Daily Archives: Jul 27, 2011

Prague streetIt takes a brave person to try and mess with the Czech institution that is stavební spoření: a special state-subsidised savings account aimed at helping renters and homeowners buy or make improvements to their homes.

The state has long turned a blind eye to the fact that many account holders spend the cash on a new car or on holidays. But now the Czech treasury, which is trying to bring down its budget deficit, has decided enough is enough. 

By Nicholas Watson in Prague

The advertising markets in the CEE might be in the doldrums, but that has not stopped Central European Media Enterprises (CME) from ekking out a small profit in the second quarter.

The Nasdaq-listed broadcaster, which is partly owned by Time Warner, on Wednesday reported attributable net income of $968,000, compared with a net loss of $21.1m in the first quarter. 

China Inc’s rumbling appetite for foreign companies can be heard across the globe. This is not new. But what is new are stats from number-crunchers Dealogic revealing that the number of Chinese outbound mergers and acquisitions activity is at an all-time high. This year to date no fewer than 217 cross border deals have been struck by Chinese companies.

But while more hands are being shaken, less money is being exchanged.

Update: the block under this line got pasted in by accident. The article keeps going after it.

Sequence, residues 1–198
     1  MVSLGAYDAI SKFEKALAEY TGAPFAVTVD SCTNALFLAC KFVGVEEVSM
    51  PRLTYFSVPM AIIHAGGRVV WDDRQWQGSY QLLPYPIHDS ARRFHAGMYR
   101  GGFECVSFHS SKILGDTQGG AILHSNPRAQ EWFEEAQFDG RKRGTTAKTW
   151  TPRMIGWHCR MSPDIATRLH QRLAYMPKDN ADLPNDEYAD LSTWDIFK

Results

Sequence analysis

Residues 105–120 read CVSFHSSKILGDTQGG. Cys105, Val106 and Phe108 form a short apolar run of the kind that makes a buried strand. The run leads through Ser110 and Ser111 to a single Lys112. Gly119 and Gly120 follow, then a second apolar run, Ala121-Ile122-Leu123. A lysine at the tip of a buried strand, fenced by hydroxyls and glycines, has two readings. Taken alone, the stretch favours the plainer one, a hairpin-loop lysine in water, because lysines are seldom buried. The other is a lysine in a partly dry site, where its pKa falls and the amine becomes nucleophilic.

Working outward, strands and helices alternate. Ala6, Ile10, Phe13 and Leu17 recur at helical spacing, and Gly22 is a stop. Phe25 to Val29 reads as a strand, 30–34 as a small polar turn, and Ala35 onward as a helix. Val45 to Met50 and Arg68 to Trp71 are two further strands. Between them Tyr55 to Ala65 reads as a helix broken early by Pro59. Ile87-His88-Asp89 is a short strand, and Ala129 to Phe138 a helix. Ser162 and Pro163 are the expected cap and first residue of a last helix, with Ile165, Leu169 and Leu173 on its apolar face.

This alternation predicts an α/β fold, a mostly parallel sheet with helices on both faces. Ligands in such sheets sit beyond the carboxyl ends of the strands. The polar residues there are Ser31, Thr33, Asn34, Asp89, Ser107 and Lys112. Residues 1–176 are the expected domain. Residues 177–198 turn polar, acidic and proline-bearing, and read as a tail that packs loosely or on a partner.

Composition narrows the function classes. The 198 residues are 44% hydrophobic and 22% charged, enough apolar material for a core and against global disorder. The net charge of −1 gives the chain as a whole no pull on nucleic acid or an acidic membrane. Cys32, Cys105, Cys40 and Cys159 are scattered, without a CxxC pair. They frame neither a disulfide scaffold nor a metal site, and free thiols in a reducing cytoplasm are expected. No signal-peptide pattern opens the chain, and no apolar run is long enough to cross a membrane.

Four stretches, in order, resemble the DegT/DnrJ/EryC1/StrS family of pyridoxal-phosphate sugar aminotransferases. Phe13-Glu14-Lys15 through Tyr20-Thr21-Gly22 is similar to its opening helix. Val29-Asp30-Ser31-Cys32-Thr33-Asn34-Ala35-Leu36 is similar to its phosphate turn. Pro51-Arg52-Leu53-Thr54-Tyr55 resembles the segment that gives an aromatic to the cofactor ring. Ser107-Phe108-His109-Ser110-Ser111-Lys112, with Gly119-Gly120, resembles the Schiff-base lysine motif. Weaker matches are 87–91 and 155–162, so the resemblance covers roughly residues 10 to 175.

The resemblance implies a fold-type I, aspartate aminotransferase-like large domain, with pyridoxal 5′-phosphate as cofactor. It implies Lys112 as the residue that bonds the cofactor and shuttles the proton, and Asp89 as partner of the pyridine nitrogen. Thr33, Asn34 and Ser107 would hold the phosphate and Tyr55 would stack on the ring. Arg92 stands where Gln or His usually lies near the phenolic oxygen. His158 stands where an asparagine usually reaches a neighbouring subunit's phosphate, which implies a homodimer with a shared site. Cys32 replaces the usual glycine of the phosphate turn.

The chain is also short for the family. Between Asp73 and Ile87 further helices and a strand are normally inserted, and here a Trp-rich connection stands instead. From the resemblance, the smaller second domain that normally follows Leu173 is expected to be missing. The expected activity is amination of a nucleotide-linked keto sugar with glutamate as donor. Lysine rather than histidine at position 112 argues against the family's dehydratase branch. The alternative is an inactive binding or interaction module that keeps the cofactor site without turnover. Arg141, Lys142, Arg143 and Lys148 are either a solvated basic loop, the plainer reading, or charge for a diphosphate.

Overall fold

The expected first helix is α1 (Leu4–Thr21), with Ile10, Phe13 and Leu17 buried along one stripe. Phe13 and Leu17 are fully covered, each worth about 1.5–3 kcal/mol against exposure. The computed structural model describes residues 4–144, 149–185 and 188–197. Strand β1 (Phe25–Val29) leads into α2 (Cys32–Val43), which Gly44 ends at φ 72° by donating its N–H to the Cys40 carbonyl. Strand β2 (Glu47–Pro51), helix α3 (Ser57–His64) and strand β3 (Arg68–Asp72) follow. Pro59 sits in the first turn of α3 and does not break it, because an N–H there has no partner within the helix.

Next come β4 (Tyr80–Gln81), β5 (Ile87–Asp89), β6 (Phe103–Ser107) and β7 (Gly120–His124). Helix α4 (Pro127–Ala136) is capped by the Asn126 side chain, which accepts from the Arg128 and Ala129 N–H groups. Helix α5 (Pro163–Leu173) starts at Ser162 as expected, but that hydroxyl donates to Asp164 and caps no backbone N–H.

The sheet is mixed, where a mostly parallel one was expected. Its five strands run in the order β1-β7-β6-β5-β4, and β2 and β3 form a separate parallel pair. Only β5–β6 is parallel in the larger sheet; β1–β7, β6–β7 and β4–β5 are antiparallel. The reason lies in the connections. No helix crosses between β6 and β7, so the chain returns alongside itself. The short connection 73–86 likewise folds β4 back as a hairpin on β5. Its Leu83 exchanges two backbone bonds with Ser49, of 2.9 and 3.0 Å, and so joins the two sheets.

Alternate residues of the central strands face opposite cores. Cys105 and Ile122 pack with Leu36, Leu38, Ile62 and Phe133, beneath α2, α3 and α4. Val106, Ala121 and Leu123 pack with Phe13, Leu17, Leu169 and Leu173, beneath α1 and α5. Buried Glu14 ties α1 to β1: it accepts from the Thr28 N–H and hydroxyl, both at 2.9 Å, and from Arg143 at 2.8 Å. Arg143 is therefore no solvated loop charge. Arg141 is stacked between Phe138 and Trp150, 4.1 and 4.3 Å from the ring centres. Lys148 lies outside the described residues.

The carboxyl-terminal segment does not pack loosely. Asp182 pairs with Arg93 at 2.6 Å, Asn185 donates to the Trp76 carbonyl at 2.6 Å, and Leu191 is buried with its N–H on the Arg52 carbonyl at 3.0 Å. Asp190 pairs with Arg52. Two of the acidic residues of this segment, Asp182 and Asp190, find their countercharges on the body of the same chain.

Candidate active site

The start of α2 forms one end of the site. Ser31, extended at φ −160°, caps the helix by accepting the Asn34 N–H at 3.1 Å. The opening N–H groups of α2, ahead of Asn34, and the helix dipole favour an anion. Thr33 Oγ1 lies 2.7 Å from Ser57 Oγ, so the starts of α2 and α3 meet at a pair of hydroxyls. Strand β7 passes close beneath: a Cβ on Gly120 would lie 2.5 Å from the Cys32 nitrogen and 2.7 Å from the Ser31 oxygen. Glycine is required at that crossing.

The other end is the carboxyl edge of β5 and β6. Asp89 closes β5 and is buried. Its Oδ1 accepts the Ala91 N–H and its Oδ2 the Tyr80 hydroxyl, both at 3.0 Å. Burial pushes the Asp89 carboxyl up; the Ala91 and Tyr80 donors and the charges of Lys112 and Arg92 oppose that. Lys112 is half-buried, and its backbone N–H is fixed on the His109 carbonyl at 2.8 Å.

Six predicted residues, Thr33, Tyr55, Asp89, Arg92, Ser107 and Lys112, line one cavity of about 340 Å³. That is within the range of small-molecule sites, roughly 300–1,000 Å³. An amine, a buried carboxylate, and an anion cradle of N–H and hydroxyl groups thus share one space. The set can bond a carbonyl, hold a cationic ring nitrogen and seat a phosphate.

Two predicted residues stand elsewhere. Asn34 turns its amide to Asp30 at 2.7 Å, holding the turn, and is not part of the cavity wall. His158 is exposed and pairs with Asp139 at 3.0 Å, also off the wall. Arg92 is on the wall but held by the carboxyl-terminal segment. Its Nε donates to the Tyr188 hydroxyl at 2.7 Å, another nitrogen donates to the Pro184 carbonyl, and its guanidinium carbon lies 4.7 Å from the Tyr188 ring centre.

The lending environment in the United Arab Emirates has improved markedly since the beginning of the year, as the interest rate that banks charge each other to borrow has been brought down.

The gap between the UAE three-month interbank rate and the US three-month interbank rate has narrowed to about 124 basis points, the smallest since 2008, according to Bloomberg data. That shows liquidity is improving and banks are in a better shape to lend. This is welcome news for borrowers after the UAE suffered a severe credit crunch.

 

Well, it was bound to happen sooner or later. Less than a week after an American blogger sparked a media and internet frenzy with her post about fake Apple stores in Kunming, a small city in southwest China, authorities there have moved to close down two of the copycat shops.

Victory for Apple? Depends on how you look at it. 

beyondbrics on the beachIt’s late July in Patagonia and the skiing season is at its peak – a time for Argentines to take advantage of the magnificent scenery and the school holidays to get down a few runs. Not this year, though.

For six weeks now a volcano in neighbouring Chile has been spewing ash into the Argentine sky, grounding flights and keeping airports closed and skiers, well, piste off. 

small shop in ChinaChina’s government has long refuted rumours about a bankruptcy wave among small and medium sized enterprises triggered by a lack of access to bank loans.

But a new survey published by Alibaba Group, the e-commerce company, and Peking University on Wednesday shows that all is not well with small businesses, which after all account for 65 per cent of the country’s GDP and provide 80 per cent of its jobs. 

South Korea’s slowing export growth is expected to heap further pressure on policymakers, who have in recent months allowed the won to appreciate against the dollar to fight inflation.